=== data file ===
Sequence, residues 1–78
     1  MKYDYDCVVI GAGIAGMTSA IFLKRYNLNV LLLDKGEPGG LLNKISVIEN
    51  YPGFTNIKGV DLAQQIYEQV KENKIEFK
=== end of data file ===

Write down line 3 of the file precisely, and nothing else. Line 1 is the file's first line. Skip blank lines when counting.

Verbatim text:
    51  YPGFTNIKGV DLAQQIYEQV KENKIEFK